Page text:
Donald Trump's Election Is Re-Igniting My PTSD And Forcing Me To Re-Live My Abuse
“You brought this on yourself,” my father used to tell me, as he stepped over my body while I tried to pick myself up off the kitchen floor. He always mumbled the sentiment, or something similar, after physically abusing my mother, my brother, and myself. If only we were more quiet. If only we didn’t argue. If only we didn’t tell him, “No.” If only.
Now that Donald Trump is president-elect, I fear I will be hearing much of the same for at least four years, if not longer. Trump's election is reigniting my Post Traumatic Stress Disorder (PTSD) and forcing me to relive an abusive childhood I actively spend time and energy trying to forget. What might be just another presidential election to most is for me a trip down memory lane through the door of my childhood home, where my father beat me for a better part of 18 years.
Like most domestic abuse victims, I initially shook off Trump and what I then described as his "antics." I made excuses for his outbursts — like his continued attacks on Rosie O'Donnell — by claiming they were nothing more than shameless ploys for attention. When he announced he would be running for president, I said, "He's not serious," and when he made it past the primaries I claimed, "He'll never be our president."
Just like those early years of what became a never-ending cycle of child abuse and domestic violence, I lied to myself in the hopes that utter disbelief could alter my reality. Phrases like, "He doesn't mean it," and, "It'll get better," came out of me effortlessly, because I had said them so many times. "My father didn't mean to hit me, he was just tired," I'd say to myself. "It won't always be this way," I'd tell myself, attempting to hide another bruise by perfectly positioning my hair to cover a specific part of my face.
As Trump's campaign gained in popularity, I could no longer dismiss his behavior, or hope he would go away, or assume that his campaign would come to a blistering, disastrous end. The triggers that have now re-ignited my PTSD, became more and more frequent. Just like my father promised me he loved me and hit me because he loved me, Trump promised the American public, "No one respects women more than I do," even after he was accused of sexually assaulting women and publicly bashed women for their looks, their weight, and even the fact that they menstruate. Just like it worked for my father, it worked for Trump.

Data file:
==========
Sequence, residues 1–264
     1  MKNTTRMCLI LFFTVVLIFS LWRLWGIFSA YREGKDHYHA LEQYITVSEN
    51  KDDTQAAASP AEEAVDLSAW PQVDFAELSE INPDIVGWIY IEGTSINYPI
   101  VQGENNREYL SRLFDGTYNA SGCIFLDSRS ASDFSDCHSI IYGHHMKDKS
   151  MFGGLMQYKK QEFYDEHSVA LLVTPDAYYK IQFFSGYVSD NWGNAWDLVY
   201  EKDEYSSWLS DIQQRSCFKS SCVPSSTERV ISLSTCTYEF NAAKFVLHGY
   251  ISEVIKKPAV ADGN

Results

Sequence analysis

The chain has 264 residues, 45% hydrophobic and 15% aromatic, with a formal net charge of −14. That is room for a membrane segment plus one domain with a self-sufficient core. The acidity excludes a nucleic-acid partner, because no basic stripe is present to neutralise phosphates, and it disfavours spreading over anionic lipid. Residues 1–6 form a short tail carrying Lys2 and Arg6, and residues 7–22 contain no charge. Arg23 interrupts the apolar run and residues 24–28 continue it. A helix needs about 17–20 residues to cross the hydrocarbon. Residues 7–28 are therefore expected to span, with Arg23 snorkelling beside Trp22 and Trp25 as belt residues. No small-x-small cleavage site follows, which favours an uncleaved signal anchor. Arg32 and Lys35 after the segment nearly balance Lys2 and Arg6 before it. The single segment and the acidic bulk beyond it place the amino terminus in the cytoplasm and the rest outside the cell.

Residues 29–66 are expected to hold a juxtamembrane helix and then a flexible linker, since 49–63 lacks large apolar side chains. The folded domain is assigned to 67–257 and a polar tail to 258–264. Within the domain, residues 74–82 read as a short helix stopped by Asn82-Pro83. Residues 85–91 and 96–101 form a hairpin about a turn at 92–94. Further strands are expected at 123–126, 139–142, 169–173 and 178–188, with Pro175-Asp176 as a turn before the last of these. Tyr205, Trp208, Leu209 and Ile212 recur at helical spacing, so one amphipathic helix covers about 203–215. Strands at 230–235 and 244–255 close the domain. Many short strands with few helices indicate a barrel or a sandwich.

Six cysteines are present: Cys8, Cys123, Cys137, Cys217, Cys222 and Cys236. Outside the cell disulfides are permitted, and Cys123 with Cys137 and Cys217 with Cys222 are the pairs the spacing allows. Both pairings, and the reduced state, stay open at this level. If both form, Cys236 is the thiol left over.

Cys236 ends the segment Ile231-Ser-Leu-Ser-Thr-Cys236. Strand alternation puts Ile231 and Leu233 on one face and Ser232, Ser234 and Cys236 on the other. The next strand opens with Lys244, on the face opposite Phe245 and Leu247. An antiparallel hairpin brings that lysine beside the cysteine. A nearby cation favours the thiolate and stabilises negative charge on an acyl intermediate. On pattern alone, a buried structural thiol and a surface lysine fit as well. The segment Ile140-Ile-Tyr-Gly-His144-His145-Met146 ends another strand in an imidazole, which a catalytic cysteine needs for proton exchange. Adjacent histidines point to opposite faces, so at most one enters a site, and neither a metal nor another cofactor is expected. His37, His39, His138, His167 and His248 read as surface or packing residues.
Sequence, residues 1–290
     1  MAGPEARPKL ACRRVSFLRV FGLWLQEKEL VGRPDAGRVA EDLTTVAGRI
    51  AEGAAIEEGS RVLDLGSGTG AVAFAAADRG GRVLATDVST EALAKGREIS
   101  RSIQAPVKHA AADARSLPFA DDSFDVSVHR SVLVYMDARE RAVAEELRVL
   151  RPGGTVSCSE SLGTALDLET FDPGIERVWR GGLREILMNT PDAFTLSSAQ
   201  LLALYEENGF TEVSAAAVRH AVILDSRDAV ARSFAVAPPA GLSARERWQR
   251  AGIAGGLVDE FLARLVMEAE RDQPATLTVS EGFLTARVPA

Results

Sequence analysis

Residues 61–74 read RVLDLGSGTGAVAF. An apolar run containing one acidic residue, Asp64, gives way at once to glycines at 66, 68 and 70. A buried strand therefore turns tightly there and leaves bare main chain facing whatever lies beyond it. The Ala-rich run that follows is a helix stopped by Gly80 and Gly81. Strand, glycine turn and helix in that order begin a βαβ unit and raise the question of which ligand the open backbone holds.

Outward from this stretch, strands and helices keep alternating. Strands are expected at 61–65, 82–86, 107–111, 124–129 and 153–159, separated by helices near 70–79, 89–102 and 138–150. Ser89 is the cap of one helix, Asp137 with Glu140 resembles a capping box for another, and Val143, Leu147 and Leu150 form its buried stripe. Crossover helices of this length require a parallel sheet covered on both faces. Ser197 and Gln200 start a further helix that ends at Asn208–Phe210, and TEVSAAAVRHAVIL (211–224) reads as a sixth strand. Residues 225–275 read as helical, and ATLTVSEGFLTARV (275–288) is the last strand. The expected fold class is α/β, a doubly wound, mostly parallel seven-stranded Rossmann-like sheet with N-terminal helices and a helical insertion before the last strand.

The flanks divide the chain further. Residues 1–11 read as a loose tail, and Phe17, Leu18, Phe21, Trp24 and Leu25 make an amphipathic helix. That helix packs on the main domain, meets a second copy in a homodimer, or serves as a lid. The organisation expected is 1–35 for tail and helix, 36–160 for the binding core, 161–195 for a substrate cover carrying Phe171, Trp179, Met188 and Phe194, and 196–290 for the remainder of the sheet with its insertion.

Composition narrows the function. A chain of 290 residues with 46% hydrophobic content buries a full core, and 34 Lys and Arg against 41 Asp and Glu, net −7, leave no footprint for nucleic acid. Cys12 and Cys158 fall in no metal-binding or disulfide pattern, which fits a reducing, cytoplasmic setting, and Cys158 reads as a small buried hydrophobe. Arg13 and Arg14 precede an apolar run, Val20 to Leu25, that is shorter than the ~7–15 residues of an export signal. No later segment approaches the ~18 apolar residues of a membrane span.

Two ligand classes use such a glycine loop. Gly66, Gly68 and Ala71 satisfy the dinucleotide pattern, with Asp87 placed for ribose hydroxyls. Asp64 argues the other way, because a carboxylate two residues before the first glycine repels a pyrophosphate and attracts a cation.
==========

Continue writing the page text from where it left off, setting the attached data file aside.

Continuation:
Just like my father told me, "No one would believe you. You're worthless, and I'm the guy who goes to church every Sunday," when I threatened to tell my high school English teacher about the abuse, Trump suggested Natasha Stoyonoff wasn't "pretty enough" to be sexually assaulted, so no one would believe Stoyonoff when she alleged that Trump tried to forcibly kiss her during an interview in 2015.
When Trump claimed he'd "build a wall" separating the United States from Mexico and implement an immigrant registration program that would target Muslims entering the United States, he highlighted the benefit such xenophobic policies would have for the American people. When my father hit me and pulled my hair and choked me, he was quick to remind me that it was for my benefit. He abused me because he loved me, he said. He had to "teach me a lesson," because what kind of a human being would I become if I didn't learn to obey him? If I didn't constantly agree with him?
When Trump claimed he'd "build a wall" separating the United States from Mexico and implement an immigrant registration program that would target Muslims entering the United States, he highlighted the benefit such xenophobic policies would have for the American people. When my father hit me and pulled my hair and choked me, he was quick to remind me that it was for my benefit. He abused me because he loved me, he said.
When Trump became the Republican presidential nominee, I started to plead. Just like I begged my mother to leave my father, regardless of how difficult it would be or how scared she was, I begged Trump supporters to see just who, and what, they were voting for. And just as my mother had her reasons for staying — reasons that forced her to overlook financial, emotional, verbal and physical abuse — 47 percent of voters could overlook Trump's actions and words, and help him secure the necessary electoral votes to become the next president of the United States.
And now that Trump is the president-elect of the United States, I am left as confused and bewildered and hurt as I was then, when I realized my mother couldn't afford to leave my father. He made promises to her he couldn't keep, he blamed her for the pain he had caused, and he ensured her that if she were to change in a way that benefited him, and only him, things would get better.
I'm afraid this country has elected someone just like my father. And I'm afraid at the end of his term, Trump will do nothing more than say, "You brought this on yourself."
For my entire life and right up until the moment I met my partner and the father of our now 2-year-old son, I feared spending my life with someone like my father. I was terrified that the cycle of abuse I was lucky enough to escape from — one that my mother, eventually, survived, too — was one I was powerless to avoid. I worried that my future had already been written; formed by the cuts and bruises my father left me with. Now?
Now I'm afraid this country has elected someone just like my father. And I'm afraid at the end of his term, Trump will do nothing more than say, "You brought this on yourself."